We all remember that trip on which the flight was late, the person checking you in was rude and you were made to pay extra for a carry-on that was just a little bit heavier than the ever-shrinking weight limit.
Bad airport experiences can happen anywhere, even. at well-regarded airports. Last summer, Toronto's Pearson International Airport, which normally rates high with travellers, earned the dubious title of the worst airport in the world for flight delays.
Flight Delays Often Hit Popular Destinations
There are plenty of airports known for problems within American borders as well.
A new round-up from vacation planning website Family Destinations Guide, looked at flight delay and cancellation data from the U.S. Bureau of Transportation and identified Orlando International Airport as the leader when it comes to overall poor travel experience.
The airport that many use on their way to Disney World (DIS) - Get Free Report or Universal Studios saw 3.52% of the 108,330 flights that passed through it in 2022 canceled. Of the remainder, 67.81% arrived on time while 28.24% were delayed.
Next on the list was Newark International Airport. New Yorkers will complain about all three of the city's major airports but, according to the numbers, Newark had a flight cancellation rate of 5.94%. It had, at 95,832 flights in 2022, slightly lower overheard than the ultra-busy Orlando and fared slightly better than Orlando due to the lower number of delays (26.51%).
Given that people will come to Florida for vacations no matter what, its airports face high pressure when it comes to customer experience -- with the exception of Newark, the remaining five worst airports were all located in the state.
Fort Lauderdale-Hollywood International Airport, Tampa and Miami all had a cancelation rate above 3% as well as high delay percentages. Other airports with high numbers of flight disruptions include Harry Reid International Airport in Las Vegas, Chicago's Midway International airport and New York's JFK.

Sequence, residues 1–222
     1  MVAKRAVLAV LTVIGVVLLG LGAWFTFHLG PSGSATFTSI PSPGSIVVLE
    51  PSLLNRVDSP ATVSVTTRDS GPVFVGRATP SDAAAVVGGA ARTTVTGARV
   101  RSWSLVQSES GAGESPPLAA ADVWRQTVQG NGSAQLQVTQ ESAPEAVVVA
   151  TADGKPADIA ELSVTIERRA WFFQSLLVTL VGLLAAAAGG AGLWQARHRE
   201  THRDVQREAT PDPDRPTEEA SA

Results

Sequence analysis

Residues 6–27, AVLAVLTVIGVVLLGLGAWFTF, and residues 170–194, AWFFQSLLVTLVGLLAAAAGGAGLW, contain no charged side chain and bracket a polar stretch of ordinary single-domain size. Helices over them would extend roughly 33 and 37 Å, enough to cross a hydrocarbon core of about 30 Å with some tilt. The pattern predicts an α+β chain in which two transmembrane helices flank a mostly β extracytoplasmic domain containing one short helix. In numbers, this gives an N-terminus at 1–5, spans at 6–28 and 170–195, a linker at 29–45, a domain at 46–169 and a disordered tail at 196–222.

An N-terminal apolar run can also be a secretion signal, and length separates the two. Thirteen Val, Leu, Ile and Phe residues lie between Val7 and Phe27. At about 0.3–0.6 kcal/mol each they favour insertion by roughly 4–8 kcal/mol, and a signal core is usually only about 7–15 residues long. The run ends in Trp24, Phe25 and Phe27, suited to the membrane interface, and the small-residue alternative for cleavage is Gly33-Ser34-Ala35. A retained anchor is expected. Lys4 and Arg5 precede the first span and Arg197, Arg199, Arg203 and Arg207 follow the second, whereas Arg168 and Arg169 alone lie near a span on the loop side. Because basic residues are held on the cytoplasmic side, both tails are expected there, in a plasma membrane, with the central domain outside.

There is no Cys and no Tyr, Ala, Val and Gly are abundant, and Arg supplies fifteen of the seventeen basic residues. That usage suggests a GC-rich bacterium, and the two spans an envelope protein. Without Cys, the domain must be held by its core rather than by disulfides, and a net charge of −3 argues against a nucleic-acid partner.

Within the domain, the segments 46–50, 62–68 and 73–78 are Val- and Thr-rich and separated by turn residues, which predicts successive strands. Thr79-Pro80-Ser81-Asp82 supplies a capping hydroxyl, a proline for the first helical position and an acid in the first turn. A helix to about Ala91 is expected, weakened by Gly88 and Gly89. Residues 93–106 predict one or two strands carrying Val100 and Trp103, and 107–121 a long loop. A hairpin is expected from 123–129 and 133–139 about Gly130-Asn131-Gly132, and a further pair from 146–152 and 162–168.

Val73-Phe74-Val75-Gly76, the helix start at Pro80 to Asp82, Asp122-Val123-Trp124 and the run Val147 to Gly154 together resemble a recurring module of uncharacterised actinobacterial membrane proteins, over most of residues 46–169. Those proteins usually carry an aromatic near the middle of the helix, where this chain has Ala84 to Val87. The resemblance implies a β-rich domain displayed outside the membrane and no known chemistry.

This Is What You Do If Your Flight Is Canceled Or Delayed
Some delays are inevitable thanks to poor weather, or the FAA nationwide groundstop on Wednesday, Jan. 11 due to software problems. But even in the cases of acts of nature, both airports' and airlines' ability to handle disruption becomes crucial to traveler experience.
When snowstorms hit multiple parts of the country on the weekend of December 24-25, most airlines were able to get people stranded where they were going in 24 hours. Southwest Airlines (LUV) - Get Free Report still had more than 60% of its flights across the country cancelled on Dec. 27.
The airline blamed out-of-date software and staff shortages coming out of the pandemic on the problems while the DOT issued a statement saying that it will look into the "unacceptable rate of cancellations and delays and reports of lack of prompt customer service."
For those who do find themselves registered on a flight that has either been canceled or delayed, the first step is always to go to the customer service desk at the airport. If the situation is such that most travelers are affected, travel experts advise trying the airline's Canadian or British number to circumvent the wait on the main one and being flexible when offered an alternate flight or hotel stay.
"If you elect not to be accommodated on a later flight and you book a new ticket out of your own pocket, you are entitled to a cash refund, though that may not help you get to where you need to go," Lousson Smith, product operations specialist at Scott's Cheap Flights, told CNN Travel